They're just inside the realm of reality, but echo the emotional investment fans and players alike place in the game. And while we rarely see the real life stories quite so inflated, we can certainly catch moments of the same magic on the field if we look hard enough. Ask the '69 Mets or the '04 Red Sox. (Or dare I say my beloved '02 Angels, who started the season 6-14 before overcoming 40 years of frustration in one unbelievable stroke.) Ask any Cubs fan, who will look you in the eye and tell you they're going all the way even as their boys drop the 90th loss of the year. The Natural represents the marvelous potential of the sport: everything we hope it could be, and everything we fear it might become if the forces of darkness have their way. It's a great baseball story yes, but its real brilliance lies in connecting baseball to something greater: something that helps game and movie alike stand the test of time. 


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goirish83 5/12/2014 5:29:50 AM

My second favorite baseball movie of all time after "61*".

JTime 5/12/2014 5:55:16 AM

 This is a really cool movie.

monkeyfoot 5/12/2014 6:51:35 AM

Love this movie. I also think its a great play on the Hero's Journey.  It shows a man blessed by the gods with extraordinary power shown by the lightning bolt from Heaven. What the gods deemed worthy of him was his goodness and purity which translates here into early 20th Century America values and decency. But when he strays from the True Path and is tempted by wickedness he loses his power just as Samson loses his superhuman strength when he is tempted by Delilah and has his hair cut. He is crippled until he returns to the pure and true path when he returns to his sweet lady love.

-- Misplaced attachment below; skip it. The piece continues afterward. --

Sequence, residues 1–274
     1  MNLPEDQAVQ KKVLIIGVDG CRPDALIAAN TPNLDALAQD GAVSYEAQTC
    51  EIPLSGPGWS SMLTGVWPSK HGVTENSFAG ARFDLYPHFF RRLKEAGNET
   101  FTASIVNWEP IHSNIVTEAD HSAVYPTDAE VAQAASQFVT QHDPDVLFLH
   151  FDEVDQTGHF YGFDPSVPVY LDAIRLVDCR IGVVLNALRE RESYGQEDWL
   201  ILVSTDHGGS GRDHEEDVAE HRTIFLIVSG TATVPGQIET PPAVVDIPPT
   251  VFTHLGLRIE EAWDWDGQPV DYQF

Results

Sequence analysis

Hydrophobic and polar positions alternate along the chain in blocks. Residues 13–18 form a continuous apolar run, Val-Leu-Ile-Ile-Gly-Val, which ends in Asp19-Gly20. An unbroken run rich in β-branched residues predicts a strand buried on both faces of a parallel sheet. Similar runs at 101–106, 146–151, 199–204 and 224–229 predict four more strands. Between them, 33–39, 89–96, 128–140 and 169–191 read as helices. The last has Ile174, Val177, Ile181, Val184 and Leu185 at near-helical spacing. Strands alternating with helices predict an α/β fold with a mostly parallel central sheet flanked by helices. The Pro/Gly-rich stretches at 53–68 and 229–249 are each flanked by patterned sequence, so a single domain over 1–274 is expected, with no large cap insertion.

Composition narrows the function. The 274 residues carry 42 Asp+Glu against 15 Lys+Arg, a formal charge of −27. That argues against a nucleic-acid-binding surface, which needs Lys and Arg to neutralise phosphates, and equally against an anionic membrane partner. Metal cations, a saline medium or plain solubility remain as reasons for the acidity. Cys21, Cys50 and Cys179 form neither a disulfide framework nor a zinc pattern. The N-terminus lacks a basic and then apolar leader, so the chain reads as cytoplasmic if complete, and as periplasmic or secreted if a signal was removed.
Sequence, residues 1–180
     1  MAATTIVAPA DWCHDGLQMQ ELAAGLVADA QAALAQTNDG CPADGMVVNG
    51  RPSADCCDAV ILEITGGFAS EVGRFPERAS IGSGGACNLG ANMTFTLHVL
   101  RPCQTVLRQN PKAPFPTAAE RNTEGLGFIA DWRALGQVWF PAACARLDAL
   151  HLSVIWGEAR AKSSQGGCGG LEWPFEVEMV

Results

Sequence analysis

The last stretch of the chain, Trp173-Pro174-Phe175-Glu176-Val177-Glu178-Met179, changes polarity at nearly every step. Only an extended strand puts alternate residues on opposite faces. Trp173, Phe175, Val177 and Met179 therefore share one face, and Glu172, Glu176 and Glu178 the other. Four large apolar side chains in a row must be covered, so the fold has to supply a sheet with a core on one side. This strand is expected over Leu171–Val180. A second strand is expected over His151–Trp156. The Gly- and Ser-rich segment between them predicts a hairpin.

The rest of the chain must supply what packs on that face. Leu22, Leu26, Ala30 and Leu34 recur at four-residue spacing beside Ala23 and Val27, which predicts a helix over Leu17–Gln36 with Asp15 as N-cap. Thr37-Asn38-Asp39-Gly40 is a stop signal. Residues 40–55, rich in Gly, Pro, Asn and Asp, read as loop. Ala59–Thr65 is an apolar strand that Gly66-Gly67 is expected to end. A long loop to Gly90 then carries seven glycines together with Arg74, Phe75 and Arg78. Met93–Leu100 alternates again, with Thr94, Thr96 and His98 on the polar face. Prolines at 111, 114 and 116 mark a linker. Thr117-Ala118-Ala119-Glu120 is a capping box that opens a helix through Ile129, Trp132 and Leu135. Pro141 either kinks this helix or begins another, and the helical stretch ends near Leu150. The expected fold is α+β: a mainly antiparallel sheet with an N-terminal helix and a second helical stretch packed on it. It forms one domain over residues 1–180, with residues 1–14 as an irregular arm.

After seeing this as a kid I thought this was the perfect way to do Captain America as a movie.

DarthBob 5/12/2014 10:48:13 AM

I'm an extra in this movie since some of baseball stadium scenes were shot close to where I grew up.  My friends and I had so much fun as extras when they made this movie.  I have a baseball signed by almost everyone in the cast.  The only signatures I couldn't get were Kim Basinger and Robert Prosky.  Wilford Brimley was one of the coolest guys on the set; he would talk to you all day long if he could.  This was a great experience and an awesome movie.

IRONMANIAC 5/12/2014 5:29:46 PM

The guy who wrote the screenplay is named Phil Dusenberry, who was a legend in the advertsising business. I remember meeting him once when we were pitching the Texaco business at BBDO in NY. He looked at my campaign and then looked up and said, "This is good. Who did this?" And the creative director pointed his finger at me and Phil gave me an approving nod. One of the highlights of my career in advertising.

blankczech 5/12/2014 7:58:25 PM

 I'm a big sports fan. I usually don't like sports movies because they rarely capture the excitement of the real thing but I  liked The Natural a lot.  

I never compare theatrical releases to HBO original programs like "61." If I did I'd pick 61 as my favorite too.  I lived through that 1961 season (attending several games at Yankee Stadium that year and it seemed like either Mantle or Maris hit at least one homer in each of them)...that was a magical year and watching "61" brings back all those memories.



Redshirt1 5/16/2014 11:52:11 AM

Not a big sports fan myself, but I do like sports movies, and this is a favorite.